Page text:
I am in the business of words. I aim to teach children to love them. Sometimes, they end up thinking they hate them but I think it’s safe to assume that one day, they’ll come around. When I think about “being in the business of words,” I realize that this is really a huge club. Don Draper is in the business of words. John Mayer is. Tupac was. Salespeople are. Politicians even, with varying degrees of success. Words are every single thing. Some archeologists and historians, also word people, estimate that hominids first developed language 1.75 million years ago (study described here). They weren’t even homo sapiens but there they were blabbing about god knows what, auditioning for Geico commercials, and eating paleo.
In undergrad I took a class called Semiotics. It’s the study of signs and symbols. Apparently, it’s a big deal in Canada. It really awakened my brain. My teacher was about 142 years old but sharp and fascinating (and I remember she was C. Hill so her email was email@example.com). She taught us that “tree,” for example, is just a symbol for that large plant outside. We’ve just all agreed that the sound “tree” stands for those things. All words are just agreed-upon symbols. Because we said so. Tree. Also, what are our names but symbols for ourselves? Sure, “Amanda” has a Latin meaning but I have borrowed that word to stand for me. Is your brain awakened yet?
I love words. Chas and I share some of the same taste in music but appreciate the same songs for completely different reasons. He goes for the sounds, the inventiveness, musical cleverness. I am all about the lyrics. Remember your AIM profile and how you used to fill it with only the best lyrics? Oh yea, I was all over that. Shamefully, my quote in my 8th grade yearbook is from the band O Town. I can’t even bring myself to type the line I chose as I’ve revealed too much already. (Sidenote: It looks like they’re still touring minus their own version of Justin Timberlake, Ashley Parker Angel, whom I saw perform the male lead in Wicked at the Hippodrome in 2015.) Still, lyrics are what grab me and pull me into music. Even when I am belting out, “Hit the cat spa,” and later finding out that Sia is saying “Hit the dance floor,” I’m still all about the lyrics.
Then there are first words. As I am learning what it’s like to have peers with children, I am also hearing about first words. Mine was brush. My parents said I blurted it out while they were brushing my full head of hair at 10 months and then didn’t speak for another 30 days. In addition to the first word one says as a baby, are those first words you hear in life. I will always remember the feeling of the bouncing dance floor at Seacrets, 1 a.m., sweat and confetti and popped balloons, and my husband, then boyfriend, telling me “I love you” for the first time. It felt like my veins were exploding. Then again, that could have been too many of those slushy drinks called “Pain in da ass.” There’s also that first time one of your students accidentally calls you “Mom” and you realize you’re doing something right.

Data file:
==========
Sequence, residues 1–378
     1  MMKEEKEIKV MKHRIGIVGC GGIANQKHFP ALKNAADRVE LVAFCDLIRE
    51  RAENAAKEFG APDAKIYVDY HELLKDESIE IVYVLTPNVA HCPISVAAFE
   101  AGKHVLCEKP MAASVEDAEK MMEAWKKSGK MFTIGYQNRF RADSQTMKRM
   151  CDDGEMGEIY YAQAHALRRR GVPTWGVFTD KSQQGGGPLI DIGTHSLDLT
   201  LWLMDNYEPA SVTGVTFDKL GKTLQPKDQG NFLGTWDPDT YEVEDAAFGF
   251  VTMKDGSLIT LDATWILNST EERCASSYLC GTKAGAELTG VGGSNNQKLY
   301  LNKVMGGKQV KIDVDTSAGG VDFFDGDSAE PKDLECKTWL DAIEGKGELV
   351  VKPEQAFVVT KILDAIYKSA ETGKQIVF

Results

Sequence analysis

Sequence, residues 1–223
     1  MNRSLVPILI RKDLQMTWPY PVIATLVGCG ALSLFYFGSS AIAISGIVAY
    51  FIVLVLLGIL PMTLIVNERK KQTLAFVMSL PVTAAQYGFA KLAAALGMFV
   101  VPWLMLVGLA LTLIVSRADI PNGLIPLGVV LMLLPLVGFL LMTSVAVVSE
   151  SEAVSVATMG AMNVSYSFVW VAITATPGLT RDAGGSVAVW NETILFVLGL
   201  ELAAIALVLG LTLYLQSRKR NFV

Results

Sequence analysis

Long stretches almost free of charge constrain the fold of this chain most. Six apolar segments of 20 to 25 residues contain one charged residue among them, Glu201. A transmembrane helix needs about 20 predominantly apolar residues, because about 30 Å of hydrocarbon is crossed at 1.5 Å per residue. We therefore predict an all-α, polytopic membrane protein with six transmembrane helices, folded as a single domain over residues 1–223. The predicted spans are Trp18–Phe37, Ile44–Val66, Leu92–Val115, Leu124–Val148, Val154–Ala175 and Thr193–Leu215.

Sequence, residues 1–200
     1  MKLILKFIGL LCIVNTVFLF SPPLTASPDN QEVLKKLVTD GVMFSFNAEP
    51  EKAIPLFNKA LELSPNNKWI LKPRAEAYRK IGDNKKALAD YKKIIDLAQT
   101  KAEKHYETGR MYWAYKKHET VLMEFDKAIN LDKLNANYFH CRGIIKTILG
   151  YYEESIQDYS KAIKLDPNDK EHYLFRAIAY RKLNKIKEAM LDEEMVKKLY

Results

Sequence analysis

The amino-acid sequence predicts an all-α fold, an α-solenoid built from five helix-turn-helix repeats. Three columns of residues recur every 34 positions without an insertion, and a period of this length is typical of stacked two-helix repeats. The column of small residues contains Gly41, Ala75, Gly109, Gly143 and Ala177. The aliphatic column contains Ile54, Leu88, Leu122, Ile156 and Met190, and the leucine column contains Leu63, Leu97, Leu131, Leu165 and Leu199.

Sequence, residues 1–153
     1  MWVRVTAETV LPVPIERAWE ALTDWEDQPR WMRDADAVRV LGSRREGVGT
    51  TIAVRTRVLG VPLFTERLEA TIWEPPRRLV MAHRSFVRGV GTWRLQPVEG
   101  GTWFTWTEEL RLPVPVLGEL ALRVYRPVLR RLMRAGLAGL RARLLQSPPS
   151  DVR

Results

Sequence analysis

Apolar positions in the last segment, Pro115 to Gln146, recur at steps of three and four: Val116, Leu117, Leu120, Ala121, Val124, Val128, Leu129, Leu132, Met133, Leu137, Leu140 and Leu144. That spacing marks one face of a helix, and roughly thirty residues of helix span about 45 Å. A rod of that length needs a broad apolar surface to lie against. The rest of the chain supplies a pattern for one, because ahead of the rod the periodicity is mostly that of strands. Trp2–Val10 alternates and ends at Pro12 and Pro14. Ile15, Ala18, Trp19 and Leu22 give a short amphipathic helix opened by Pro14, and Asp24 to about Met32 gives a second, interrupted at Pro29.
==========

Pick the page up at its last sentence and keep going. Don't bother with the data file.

In the study of children’s brains, early word exposure is a determining factor of success throughout school and even later in life. There’s something called the 32 million word gap that plagues children who grow up in welfare homes where they are exposed to less vocabulary. By the time they are four years old, on average they’ve been exposed to 32 million less words at home than children of professionals. In a way this explains a lot about my day to day. But it makes me sad because some kids just did not have a chance.
One more education-related note before I switch to something pithy. Growth mindset has changed the way that I speak to every single person in my life. And almost every teacher I know who’s been exposed to it says that. Instead of saying the words, “You’re so good at that!” It’s “You put forth so much effort and look at the result!” Rather than “Math isn’t your thing,” you’d say “Let’s put more work into algebra” or “You’re not there yet with geometry.” It’s all about “the power of yet” and that if you put forth enough effort, what can’t you do? Growth words over fixed words. I wish I’d known about growth mindset when I decided I was “bad at math” in 7th grade.
Okay, enough didactics. Onto The Bachelor. Yes, not only was my 8th grade quote from a one-hit-wonder-band named for the city of Orlando, Florida but I also am part of Bachelor Nation. Ugh. I know, it’s the worst. But, it’s also the best. The Bachelor and The Bachelorette are among the most soothing parts of my life. They’re not enriching, genuine, or even stimulating. For all I know, the whole thing is a sham. But they are predictable and calming. And I absolutely love them. And I love to hate their words. I’ve not yet played a drinking game with The Bachelor but if I did, I’d be on the floor within two commercial breaks (about 8 minutes). Brigid, Rosh, Becky, Dot, Sara, Chris, Aunt Carol, Janna, all my fellow citizens of Bachelor Nation, feel free to add to the list below–or to ask me to remove you from the list above. Commonly used words and phrases on The Bachelor and The Bachelorette include: